Does one really need to explain why Rita Hayworth is nicknamed “The Love Goddess”? I mean, just look at her!
This still is from her most famous and provocative role as the title character in Gilda. Gilda is one of those films noir that deserves multiple viewings because it is all over the place but in the best way possible. Hayworth just smolders the screen in each frame she is in.
Ballin Mundson: Gilda, are you decent?
Gilda: Me? (Pause)
Gilda: Sure, I’m decent
Hayworth is the ultimate femme fatale in this one. She is sensual, malicious yet vulnerable in this world of gambling in Buenos Aires with her former flame Johnny, portrayed by Glenn Ford. The two made five films together and it’s safe to say this is the best of the bunch. The sexual tension between the two ignites the screen. Their “love” is twisted filled with moments of rage; you can’t stop watching these two.
The sexuality in this film is laid on thick without any love scene. You’re likely to hear your grandfather in your head saying, “Back in my day, the sexiest women were the ones who kept their clothes on”! It’s certainly true with strawberry blonde Rita Hayworth. This was the film that made Rita a star. In the 1940’s she was one of the most popular actresses by the soldiers overseas fighting during WWII. Her pin-up and Betty Grable’s defined the era. She was so popular that a flight crew testing an atomic bomb in the Marshall Islands put a photo of her on it in homage to her “bombshell status.” Unfortunately, Rita was less than pleased. The most famous scene in Gilda is her “striptease” to Put the Blame on Mame. I put striptease in quotations because the only articles of clothing Gilda takes off is a glove. Yes, one glove.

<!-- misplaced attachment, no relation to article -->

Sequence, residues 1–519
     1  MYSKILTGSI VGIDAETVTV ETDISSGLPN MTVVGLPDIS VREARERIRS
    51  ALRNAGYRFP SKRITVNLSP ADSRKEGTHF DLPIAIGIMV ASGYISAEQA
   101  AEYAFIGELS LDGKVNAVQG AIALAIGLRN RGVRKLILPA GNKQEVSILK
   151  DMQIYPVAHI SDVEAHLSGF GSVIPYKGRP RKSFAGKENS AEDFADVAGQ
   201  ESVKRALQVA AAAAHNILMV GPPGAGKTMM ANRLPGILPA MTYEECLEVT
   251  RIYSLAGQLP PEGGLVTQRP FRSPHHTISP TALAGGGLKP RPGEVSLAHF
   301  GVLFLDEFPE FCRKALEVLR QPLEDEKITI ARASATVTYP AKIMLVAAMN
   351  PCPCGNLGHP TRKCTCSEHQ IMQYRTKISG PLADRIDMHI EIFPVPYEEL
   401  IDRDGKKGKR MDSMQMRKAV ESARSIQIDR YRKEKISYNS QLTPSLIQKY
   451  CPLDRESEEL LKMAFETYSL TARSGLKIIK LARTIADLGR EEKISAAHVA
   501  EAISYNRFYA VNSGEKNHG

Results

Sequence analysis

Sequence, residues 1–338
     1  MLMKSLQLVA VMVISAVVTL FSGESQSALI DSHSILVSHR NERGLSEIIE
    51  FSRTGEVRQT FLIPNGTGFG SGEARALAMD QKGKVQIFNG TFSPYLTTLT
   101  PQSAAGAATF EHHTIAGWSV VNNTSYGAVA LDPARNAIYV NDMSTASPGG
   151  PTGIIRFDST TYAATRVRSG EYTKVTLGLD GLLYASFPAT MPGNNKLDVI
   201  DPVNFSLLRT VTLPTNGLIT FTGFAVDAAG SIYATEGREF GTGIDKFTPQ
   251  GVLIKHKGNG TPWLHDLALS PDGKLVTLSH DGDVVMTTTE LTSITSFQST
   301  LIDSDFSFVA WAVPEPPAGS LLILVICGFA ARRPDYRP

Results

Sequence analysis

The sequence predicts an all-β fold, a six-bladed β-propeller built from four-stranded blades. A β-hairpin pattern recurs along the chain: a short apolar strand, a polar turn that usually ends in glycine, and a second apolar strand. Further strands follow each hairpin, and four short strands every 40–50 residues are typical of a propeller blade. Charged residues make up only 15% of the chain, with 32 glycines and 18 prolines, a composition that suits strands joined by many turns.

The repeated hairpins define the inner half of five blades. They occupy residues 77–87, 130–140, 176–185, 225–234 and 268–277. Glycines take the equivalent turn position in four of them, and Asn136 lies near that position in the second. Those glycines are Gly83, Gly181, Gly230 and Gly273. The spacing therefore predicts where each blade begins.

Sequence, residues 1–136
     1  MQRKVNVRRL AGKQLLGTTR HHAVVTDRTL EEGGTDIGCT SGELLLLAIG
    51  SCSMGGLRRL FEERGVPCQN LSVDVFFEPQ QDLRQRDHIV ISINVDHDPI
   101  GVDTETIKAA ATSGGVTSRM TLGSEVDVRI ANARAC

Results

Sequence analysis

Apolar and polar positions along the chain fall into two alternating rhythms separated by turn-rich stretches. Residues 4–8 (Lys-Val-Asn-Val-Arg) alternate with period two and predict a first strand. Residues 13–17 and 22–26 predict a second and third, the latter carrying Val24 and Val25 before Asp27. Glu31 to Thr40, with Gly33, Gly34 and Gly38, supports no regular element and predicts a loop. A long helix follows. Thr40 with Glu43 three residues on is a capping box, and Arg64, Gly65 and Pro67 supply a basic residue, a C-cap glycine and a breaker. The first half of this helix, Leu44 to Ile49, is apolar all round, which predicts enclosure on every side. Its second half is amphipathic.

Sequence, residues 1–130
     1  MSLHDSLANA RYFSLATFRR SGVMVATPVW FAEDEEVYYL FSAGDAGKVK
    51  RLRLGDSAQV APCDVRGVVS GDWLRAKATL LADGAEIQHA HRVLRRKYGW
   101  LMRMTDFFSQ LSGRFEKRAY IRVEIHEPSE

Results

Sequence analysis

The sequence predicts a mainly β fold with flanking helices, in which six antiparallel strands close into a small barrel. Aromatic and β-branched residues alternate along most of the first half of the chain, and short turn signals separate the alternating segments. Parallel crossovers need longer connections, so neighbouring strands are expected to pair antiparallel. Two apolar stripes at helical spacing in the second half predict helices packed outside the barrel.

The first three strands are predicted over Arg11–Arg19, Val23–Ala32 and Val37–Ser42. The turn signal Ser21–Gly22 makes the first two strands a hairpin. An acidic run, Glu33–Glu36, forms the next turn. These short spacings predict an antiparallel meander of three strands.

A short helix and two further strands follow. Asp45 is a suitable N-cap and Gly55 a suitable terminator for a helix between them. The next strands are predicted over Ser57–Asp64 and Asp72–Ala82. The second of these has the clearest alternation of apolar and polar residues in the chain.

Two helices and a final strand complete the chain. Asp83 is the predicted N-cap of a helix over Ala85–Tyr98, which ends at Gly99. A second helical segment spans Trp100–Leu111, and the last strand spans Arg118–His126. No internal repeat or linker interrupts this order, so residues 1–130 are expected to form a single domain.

Rita had another great noir performance in The Lady from Shanghai directed by her then husband, Orson Welles. But Rita wasn’t just a sultry vixen. A trained dancer she starred in a number of musicals with the likes of Fred Astaire and Gene Kelly. Astaire famously called Rita his favorite co-star instead of his other half in 10 films, Ginger Rogers. Her dancing is quite impressive from tapping with Astaire, to ballroom with Kelly and a provocative Pasodoble with Anthony Quinn in the underrated gem, Blood and Sand. What I love about that one and The Loves of Carmen is you’re able to see Rita’s Spanish heritage. She was born Margarita Carmen Cansino, her father was a professional dancer from Spain who trained her in Flamenco and Spanish folk dances. The Hollywood Studio System would strip this away and give her some white-washed “Spanish” roles but when she dances we see Margarita Cansino in her element. Whether she’s dancing or flipping her hair, Rita Hayworth had the unique ability to control a room. Take a look at one of her pictures sometime and you’ll see why the boys at war loved her; you’ll no doubt fall under her spell.